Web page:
And, despite only two months of advance publicity, the fundraiser, called Driving for Excellence, raised $3,000 for Holy Cross, which has 176 students in pre-k through eighth grade.

That put a smile on the face of principal Lisa Simon, who quickly approved the idea for a race night when the school’s events committee pitched it to her back in June.

“I think this is an incredibly creative fundraiser for our school,” Simon said. “And it’s a way to think outside the box to get families involved in supporting our school and build community at the same time.”

A school employee, Anne Fredrickson, organized the event. Her husband, Duane, has a long background in racing and works at Elko Speedway. In his younger days, he was a driver. Not surprisingly, the two met at a racing banquet in 1993 and married two years later.

“Chris Wagner is one of our dads. He approached me last spring,” said Anne, who has two children at the school. “We had talked about a go-kart fundraiser that he’d seen. And, with my husband’s connection and my connection here at Elko Speedway, we decided to step it up and go with real race cars instead of go-karts, and have it off site and make a bigger deal out of it.”

And, a big deal it was. More than 100 school supporters sat through a brief rain storm and ensuing track drying process as they waited for the championship race during an intermission in the real races.

There was one race fan who might have had more joy than the other spectators — fourth-grade teacher Kris Minalovsky. For the last 25 years, she has been a fixture at the track, taking her usual spot in the second row near the flag stand.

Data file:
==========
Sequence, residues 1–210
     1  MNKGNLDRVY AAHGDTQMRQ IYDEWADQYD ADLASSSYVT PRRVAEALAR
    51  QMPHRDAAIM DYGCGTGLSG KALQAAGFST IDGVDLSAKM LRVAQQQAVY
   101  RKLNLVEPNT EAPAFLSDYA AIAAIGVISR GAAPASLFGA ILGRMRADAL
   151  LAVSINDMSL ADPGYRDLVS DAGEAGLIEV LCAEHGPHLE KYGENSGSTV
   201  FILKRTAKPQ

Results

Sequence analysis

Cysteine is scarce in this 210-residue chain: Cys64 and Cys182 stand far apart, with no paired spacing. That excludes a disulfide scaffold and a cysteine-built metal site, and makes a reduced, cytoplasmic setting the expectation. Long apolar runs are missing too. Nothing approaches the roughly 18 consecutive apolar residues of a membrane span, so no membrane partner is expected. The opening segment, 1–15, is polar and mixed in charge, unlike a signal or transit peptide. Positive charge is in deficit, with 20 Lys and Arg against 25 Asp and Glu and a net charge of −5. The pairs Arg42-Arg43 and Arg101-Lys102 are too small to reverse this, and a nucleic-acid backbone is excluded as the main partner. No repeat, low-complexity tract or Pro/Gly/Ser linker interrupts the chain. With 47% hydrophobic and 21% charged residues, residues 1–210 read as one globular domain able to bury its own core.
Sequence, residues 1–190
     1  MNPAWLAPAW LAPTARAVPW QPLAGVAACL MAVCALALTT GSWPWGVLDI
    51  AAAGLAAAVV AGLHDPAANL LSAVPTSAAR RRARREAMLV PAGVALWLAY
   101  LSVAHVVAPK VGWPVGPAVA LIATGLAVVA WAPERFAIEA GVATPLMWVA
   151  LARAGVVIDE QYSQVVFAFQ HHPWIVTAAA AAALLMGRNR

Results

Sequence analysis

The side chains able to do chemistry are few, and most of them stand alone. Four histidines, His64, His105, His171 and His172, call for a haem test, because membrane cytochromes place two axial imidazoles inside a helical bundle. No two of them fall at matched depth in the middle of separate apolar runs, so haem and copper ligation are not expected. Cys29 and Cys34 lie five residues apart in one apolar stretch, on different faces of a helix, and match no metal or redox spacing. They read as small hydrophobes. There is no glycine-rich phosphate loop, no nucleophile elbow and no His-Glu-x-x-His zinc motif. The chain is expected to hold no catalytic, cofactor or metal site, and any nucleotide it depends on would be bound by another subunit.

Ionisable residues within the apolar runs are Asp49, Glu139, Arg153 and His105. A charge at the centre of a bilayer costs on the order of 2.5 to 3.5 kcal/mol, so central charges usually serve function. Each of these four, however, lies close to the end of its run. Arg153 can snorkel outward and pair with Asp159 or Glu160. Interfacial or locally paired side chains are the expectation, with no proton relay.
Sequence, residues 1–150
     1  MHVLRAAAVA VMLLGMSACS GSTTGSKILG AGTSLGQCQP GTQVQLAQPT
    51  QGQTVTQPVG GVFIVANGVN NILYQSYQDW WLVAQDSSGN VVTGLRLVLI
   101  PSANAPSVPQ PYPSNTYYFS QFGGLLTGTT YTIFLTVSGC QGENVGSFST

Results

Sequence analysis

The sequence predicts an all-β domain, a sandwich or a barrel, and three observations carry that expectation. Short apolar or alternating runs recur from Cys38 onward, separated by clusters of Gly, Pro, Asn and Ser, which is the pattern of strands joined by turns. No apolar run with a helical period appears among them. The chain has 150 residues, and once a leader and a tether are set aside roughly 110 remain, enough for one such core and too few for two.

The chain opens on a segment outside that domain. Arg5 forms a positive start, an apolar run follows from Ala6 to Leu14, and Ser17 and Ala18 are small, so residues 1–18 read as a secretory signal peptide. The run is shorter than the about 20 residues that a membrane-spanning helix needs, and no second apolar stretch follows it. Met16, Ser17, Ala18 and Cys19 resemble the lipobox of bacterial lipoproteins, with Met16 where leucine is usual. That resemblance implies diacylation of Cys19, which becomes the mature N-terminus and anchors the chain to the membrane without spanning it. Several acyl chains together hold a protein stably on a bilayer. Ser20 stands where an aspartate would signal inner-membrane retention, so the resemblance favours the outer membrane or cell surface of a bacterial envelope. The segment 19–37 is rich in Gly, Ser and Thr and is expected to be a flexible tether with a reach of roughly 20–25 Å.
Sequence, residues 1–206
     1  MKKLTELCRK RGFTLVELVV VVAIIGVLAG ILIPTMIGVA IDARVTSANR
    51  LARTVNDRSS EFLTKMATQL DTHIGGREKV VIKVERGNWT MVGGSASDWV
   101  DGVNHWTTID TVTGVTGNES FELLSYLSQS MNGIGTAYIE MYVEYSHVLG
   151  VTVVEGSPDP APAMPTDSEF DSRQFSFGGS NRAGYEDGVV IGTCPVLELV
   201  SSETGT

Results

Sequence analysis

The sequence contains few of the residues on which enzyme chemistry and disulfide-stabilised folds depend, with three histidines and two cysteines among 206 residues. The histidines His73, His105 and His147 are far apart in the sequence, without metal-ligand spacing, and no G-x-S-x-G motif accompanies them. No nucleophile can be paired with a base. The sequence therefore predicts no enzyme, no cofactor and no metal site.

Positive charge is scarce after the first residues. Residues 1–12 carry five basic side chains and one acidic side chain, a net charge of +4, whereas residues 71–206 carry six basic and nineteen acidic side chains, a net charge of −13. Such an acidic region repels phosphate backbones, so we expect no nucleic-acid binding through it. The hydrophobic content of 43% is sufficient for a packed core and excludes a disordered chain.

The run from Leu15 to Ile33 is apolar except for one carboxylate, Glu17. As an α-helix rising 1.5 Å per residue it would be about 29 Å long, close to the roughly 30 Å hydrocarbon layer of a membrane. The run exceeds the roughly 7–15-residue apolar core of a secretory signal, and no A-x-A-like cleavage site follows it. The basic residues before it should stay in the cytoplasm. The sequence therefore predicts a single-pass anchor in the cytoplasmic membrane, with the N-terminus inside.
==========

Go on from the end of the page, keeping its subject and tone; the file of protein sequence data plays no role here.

When she first heard about the event, she wondered  whether the school was doing it just for her. Not a far-fetched idea, considering what Anne and Duane had cooked up for her during the last week of school this past spring.

Her dream for decades had been to ride in a pace car, a vehicle used by the track at the start of each race to lead drivers around the track in preparation. Anne called Duane, and Duane pulled up in the school parking lot with the car.

“The whole class stood and cheered, and they gave me a flag to wave out the window,” Minalovsky said. “It was pretty amazing for me. We drove out in the country, out on a country road. It was awesome.”

On this night, Minalovsky was surrounded by new race fans, people the school hopes will want to come back again next year for a similar event.

“I hope we can [do it next year],” Simon said. “We’ve got a large group of moms who are interested in doing it next year. They just were so inspired and thought it looked like so much fun.”

“It’s a different kind of event than your traditional cookie dough fundraiser,” Anne Fredrickson said. “And, I think it reflects that we think outside the box and we like to approach things creatively, not just in our fundraising, but in our school and our classrooms, that we are always looking for new ways to get kids excited and to get parents excited and to bring excellence to everything that we do.”

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Category: Featured, The Last Word